Print 36 comment(s) - last by roadhog1974.. on Jun 7 at 6:21 PM

Applications for Windows will work on Chrome

Google is looking to rival many firms that are big names in the hardware and software business. One of the key rivals that Google is focusing on is Microsoft in the software realm. Google has been offering its cloud-based productivity applications for a while now to businesses and end users with offerings like Google Docs that are compatible with Microsoft Office file types.

Google talked more about its coming operating system at Computex in Taiwan this week. Google reports that it intends to launch its operating system, dubbed Chrome OS, in the late fall of 2010. We already know a lot of what there is to know about Chrome with the OS having been officially announced back in November of 2009. Google also offered some information on its cloud printing scheme for the OS in April 2010.

Yahoo News quotes Google VP of product management Sundar Pichai as saying, "We are working on bringing the device later this fall." He continues stating, "It's something which we are very excited by ... We expect it to reach millions of users on day one."

Reuters quotes Pichai saying, "Chrome OS is one of the few future operating systems for which there are already millions of applications that work. You don't need to redesign Gmail for it to work on Chrome. Facebook does not need to write a new app for Chrome."

The real question for the Chrome OS is will hardware manufacturers support the OS. The OS will be open source and might woo some hardware makers to offer it on their netbooks, which is the market where Chrome OS is aimed.

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RE: not really...
By mcnabney on 6/2/2010 12:47:15 PM , Rating: -1
No, you would use Google Docs which does all of the same things.

This entire effort is really aimed at businesses. Businesses that are tired of paying ransom in the form of Microsoft licensing fees.

Pretty soon the only reason to have Windows around is to play PC games..... oh wait, maybe not even for that.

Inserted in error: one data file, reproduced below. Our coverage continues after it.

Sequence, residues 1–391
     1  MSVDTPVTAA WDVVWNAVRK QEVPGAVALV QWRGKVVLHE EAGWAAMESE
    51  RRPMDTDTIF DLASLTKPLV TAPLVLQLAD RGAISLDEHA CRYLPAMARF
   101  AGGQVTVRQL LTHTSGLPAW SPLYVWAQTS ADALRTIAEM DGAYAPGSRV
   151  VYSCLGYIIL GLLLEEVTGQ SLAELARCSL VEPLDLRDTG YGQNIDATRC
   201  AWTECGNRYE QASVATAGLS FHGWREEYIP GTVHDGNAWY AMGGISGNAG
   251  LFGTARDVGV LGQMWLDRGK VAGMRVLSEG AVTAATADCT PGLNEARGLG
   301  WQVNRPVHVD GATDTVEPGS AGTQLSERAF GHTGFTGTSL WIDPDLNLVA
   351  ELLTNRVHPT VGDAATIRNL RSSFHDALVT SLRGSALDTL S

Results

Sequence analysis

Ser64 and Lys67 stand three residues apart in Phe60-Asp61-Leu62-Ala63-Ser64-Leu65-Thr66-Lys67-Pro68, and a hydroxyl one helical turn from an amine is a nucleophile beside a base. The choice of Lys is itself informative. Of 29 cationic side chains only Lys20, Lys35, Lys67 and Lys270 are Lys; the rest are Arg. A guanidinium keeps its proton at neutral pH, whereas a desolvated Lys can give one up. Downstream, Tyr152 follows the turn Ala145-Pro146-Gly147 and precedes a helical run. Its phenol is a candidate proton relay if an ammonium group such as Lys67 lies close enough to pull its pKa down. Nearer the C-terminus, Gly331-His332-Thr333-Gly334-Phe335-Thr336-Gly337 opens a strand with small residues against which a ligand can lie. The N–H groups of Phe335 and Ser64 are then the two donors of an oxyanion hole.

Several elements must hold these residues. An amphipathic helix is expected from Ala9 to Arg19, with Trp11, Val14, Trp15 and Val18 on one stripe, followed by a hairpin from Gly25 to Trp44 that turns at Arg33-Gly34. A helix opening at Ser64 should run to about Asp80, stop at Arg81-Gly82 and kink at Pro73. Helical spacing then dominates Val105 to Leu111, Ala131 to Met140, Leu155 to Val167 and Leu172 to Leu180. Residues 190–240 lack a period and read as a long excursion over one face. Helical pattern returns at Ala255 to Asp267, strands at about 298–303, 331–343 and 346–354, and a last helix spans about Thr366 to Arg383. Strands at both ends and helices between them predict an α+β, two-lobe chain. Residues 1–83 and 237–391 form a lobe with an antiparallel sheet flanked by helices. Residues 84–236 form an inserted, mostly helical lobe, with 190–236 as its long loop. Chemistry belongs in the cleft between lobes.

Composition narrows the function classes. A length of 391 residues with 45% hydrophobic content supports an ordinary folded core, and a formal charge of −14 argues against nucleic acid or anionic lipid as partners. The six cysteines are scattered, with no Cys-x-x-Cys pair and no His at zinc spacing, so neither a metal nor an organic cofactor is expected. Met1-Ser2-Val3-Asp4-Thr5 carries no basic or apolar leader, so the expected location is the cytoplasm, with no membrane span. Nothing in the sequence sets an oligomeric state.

RE: not really...
By amanojaku on 6/2/2010 1:05:47 PM , Rating: 3
It's true that licensing fees are generally more than they're supposed to be, but it's my understanding that they can be negotiated down to a point. As a second option a lot of organizations just stick with older, possibly unsupported software to avoid the additional licensing, testing and validation costs.

And let's not believe that Google Docs, or any other replacement from any vendor, is free, either. It may not cost the end user money, but it costs the developers a lot. Google is not in the development business, however. It's in information retrieval and data mining, along with data sales. It just so happens that the technology it uses to do all that is useful in other ways it can make money.

RE: not really...
By sviola on 6/2/2010 1:28:58 PM , Rating: 2
No, you would use Google Docs which does all of the same things.

No it doesn't. Try running complex spreadsheets and you see for yourself.

Pretty soon the only reason to have Windows around is to play PC games..... oh wait, maybe not even for that.

I doubt that will happen anytime soon.

RE: not really...
By FITCamaro on 6/2/2010 11:20:52 PM , Rating: 2
Yes because businesses instead want to have their data open to security holes because its all located remotely.

"Paying an extra $500 for a computer in this environment -- same piece of hardware -- paying $500 more to get a logo on it? I think that's a more challenging proposition for the average person than it used to be." -- Steve Ballmer

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